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MELISSA BLOCK, HOST:

You're listening to ALL THINGS CONSIDERED from NPR News.

The rock trio ZZ Top has been playing together for 42 years. They're known informally as that little ol' band from Texas. But they're also Rock and Roll Hall of Fame inductees who've sold over 50 million records. "La Futura" is their 15th studio album and their first release in nine years.

We have a review from Meredith Ochs.

(SOUNDBITE OF MUSIC)

MEREDITH OCHS, BYLINE: Over the years, ZZ Top has stayed contemporary: dabbling in new wave, flirting with grunge and techno, making goofy music videos and even using a drum machine. But they never strayed too far from their classic amalgam of electric blues, garage rock and greasy groove. And on their new CD, they sound like their old selves.

(SOUNDBITE OF SONG, "CHARTREUSE")

BILLY GIBBONS: (Singing) Better than Magenta, better than Fuse, you got a shade that gets rid of the blues.

OCHS: Part of ZZ Top's return to form on the new album is the handiwork of Rick Rubin, the eccentric producer and music visionary. Rubin's stripped-down approach in the studio worked well with the band, highlighting the economy that makes the great rock trio so appealing. Rubin has also enjoyed success at bringing artists together with unlikely material, which he does here with this late-'90s hip-hop tune that ZZ Top transform into a searing anthem all their own.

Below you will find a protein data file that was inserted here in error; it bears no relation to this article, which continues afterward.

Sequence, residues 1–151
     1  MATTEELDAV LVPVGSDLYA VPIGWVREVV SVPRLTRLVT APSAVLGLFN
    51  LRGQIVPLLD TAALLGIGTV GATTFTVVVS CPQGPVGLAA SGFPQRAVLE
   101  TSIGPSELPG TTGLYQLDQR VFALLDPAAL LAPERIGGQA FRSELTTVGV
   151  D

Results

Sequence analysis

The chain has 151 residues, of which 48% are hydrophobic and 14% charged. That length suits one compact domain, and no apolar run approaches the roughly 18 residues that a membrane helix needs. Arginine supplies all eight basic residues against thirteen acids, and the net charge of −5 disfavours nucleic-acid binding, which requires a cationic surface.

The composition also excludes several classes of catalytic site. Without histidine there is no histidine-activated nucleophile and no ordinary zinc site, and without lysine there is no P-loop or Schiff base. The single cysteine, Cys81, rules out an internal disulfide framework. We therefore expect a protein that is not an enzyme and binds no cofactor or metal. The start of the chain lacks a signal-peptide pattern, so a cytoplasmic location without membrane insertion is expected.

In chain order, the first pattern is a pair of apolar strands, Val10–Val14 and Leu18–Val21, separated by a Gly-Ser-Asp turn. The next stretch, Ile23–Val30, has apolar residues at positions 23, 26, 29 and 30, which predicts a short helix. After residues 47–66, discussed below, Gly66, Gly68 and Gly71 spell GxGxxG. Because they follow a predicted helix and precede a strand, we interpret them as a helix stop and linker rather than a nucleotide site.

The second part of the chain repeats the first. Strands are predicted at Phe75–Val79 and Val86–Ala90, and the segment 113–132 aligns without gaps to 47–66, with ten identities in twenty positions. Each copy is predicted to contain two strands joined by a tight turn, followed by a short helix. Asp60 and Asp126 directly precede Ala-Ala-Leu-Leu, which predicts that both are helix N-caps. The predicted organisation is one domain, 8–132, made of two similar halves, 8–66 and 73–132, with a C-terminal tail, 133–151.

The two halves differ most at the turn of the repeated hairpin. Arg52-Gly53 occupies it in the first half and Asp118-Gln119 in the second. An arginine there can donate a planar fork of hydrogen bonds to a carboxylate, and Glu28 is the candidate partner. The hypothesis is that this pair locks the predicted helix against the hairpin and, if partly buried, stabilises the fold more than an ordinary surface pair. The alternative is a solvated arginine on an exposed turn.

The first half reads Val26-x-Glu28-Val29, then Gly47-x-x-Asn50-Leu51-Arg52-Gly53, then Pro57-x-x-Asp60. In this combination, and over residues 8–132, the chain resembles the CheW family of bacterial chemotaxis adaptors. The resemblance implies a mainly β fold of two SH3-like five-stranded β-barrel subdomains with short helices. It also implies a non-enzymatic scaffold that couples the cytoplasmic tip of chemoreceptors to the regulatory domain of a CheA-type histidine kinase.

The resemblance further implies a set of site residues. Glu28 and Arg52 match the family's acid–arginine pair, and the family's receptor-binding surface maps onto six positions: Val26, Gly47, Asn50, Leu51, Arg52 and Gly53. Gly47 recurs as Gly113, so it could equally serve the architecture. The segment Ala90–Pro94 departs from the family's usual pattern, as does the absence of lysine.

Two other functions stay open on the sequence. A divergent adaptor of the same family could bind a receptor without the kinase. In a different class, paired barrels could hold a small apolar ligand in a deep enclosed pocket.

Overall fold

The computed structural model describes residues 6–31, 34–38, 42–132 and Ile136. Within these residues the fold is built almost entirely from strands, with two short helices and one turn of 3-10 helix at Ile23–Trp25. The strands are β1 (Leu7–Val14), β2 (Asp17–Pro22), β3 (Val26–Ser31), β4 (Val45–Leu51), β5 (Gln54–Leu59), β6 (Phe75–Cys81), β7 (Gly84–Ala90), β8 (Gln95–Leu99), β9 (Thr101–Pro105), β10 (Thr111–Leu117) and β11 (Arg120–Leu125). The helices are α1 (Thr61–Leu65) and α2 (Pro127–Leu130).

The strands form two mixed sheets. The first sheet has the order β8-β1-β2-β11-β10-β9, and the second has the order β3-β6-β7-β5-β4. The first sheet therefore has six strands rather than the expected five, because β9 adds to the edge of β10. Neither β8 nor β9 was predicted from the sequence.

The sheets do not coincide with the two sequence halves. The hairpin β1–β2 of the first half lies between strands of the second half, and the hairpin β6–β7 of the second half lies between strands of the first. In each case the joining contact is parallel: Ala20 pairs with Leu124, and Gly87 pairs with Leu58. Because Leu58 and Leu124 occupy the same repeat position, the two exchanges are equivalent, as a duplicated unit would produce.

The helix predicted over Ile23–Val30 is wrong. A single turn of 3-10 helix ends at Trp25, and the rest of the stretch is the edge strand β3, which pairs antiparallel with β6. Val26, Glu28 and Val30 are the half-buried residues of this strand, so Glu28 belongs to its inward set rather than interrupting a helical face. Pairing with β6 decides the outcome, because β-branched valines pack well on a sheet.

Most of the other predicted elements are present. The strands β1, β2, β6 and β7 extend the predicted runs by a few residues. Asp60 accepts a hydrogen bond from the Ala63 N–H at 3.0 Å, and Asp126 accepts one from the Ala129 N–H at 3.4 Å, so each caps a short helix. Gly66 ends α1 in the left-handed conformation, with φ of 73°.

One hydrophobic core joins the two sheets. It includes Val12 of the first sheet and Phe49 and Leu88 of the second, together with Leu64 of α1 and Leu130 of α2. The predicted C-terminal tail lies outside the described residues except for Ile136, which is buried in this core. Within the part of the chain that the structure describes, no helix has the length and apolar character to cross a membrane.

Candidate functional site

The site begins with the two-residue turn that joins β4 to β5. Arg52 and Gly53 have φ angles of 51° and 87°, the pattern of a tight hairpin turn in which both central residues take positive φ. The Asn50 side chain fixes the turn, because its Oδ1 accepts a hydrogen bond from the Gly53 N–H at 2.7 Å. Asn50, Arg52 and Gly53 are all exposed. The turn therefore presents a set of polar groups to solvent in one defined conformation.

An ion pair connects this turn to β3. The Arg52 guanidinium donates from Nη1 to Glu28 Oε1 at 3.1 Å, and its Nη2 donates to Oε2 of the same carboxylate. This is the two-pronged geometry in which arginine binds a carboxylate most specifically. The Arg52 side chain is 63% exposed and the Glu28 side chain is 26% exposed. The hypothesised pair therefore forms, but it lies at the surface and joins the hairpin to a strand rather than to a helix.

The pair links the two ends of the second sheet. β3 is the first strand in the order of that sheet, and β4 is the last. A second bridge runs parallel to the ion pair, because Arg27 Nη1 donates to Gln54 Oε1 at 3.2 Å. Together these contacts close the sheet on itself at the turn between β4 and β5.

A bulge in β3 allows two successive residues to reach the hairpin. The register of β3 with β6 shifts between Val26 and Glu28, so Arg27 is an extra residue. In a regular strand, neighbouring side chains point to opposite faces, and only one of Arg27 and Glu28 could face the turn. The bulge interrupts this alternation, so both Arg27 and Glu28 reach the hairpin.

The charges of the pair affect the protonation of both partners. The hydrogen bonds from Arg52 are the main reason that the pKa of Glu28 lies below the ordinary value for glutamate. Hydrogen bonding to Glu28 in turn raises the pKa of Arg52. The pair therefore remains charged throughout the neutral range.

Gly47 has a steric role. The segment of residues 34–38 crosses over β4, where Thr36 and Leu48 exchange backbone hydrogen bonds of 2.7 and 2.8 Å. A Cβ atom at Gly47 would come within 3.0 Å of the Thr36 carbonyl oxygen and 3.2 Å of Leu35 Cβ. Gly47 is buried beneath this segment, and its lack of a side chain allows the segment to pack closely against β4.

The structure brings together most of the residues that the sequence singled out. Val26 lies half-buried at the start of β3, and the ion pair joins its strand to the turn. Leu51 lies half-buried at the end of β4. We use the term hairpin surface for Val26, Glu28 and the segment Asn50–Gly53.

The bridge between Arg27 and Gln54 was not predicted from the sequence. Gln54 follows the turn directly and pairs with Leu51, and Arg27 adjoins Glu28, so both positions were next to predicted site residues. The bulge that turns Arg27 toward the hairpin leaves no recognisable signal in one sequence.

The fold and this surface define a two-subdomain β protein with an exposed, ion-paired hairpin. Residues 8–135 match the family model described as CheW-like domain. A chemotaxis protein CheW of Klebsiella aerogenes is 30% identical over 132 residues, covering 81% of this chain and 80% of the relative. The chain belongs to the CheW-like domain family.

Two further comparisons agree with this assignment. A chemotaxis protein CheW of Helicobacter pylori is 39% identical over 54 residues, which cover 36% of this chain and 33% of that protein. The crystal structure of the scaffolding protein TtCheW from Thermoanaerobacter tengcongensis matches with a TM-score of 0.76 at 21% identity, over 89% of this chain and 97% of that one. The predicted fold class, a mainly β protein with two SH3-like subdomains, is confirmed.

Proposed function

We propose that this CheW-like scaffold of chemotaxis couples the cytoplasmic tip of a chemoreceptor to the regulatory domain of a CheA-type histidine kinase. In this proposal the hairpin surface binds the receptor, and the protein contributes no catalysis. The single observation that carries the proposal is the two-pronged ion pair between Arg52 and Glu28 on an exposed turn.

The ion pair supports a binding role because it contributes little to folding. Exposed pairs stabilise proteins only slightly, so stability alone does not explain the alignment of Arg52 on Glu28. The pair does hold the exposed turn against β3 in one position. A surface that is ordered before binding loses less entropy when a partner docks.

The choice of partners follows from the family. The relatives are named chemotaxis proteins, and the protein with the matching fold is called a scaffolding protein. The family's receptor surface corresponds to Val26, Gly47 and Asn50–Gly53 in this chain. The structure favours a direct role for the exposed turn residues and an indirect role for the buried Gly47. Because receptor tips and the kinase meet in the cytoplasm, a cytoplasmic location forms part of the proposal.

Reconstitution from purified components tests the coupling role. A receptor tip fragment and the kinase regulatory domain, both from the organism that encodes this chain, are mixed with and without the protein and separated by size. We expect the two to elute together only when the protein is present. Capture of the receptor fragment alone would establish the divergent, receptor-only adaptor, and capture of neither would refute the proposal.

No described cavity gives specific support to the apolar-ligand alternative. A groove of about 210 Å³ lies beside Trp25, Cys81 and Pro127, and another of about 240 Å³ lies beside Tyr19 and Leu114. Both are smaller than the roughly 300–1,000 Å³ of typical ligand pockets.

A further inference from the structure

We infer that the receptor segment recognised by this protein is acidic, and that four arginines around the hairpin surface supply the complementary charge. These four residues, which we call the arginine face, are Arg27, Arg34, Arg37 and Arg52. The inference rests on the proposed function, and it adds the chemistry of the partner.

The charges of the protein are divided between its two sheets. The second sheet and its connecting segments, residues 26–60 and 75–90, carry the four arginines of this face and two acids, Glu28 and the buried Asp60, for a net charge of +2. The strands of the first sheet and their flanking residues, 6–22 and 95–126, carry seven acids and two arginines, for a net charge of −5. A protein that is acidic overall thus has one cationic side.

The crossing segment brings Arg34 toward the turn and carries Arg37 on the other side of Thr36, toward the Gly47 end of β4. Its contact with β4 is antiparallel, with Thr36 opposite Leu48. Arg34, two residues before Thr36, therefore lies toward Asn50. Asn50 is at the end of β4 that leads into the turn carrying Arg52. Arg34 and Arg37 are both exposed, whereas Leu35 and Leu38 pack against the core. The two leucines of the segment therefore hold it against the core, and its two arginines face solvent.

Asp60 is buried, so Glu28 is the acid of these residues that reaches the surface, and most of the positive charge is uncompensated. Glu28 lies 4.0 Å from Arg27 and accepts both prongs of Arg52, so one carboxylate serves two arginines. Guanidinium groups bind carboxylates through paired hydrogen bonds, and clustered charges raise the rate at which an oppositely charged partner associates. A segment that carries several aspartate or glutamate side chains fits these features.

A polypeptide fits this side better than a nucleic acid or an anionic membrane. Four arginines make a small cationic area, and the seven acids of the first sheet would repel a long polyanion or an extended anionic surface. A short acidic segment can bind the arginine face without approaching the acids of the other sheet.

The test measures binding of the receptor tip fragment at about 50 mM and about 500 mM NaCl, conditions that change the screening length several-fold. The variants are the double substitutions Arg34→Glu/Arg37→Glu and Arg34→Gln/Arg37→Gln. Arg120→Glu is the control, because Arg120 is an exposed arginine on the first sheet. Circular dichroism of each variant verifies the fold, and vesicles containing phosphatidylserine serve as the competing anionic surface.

(SOUNDBITE OF SONG, "GOTSTA GET PAID")

GIBBONS: (Singing) Twenty-five fly diamonds in my ring. Twenty-five 12s in the trunks to bang. Oh, Lord. Make it move, making 25 new ones. Going off of a big don 99 Seville, come on. Twenty-five lighters on my dressa, dressa, I gotsta get paid. I got 25 lighters on my dressa, dressa. You know I got to get paid.

OCHS: ZZ Top's Billy Gibbons is a guitar hero, a master of tone and technique with impeccable taste in musical equipment and all that remarkable string-bending dances on the groove with one of rock's finest rhythm sections: bassist Dusty Hill and drummer Frank Beard.

So how do musicians who've been perfecting their craft for decades shepherd electric blues well into the 21st century? Ironically, they look back. ZZ Top's new album is loaded with winks to their old catalog, like this one, which name-drops their 1979 song "I'm Bad, I'm Nationwide." These fleeting moments will jog the memories of fans about how great this band has always been. And it's a testament to the timelessness of this music.

(SOUNDBITE OF SONG, "FLYIN' HIGH")

GIBBONS: (Singing) Flying high, (unintelligible) I'm going to get (unintelligible). Flying high. We're bad, bad, bad. We're nationwide.

BLOCK: That's the new album from ZZ Top, "La Futura." Reviewer Meredith Ochs is a DJ and talk show host with SiriusXM Radio.

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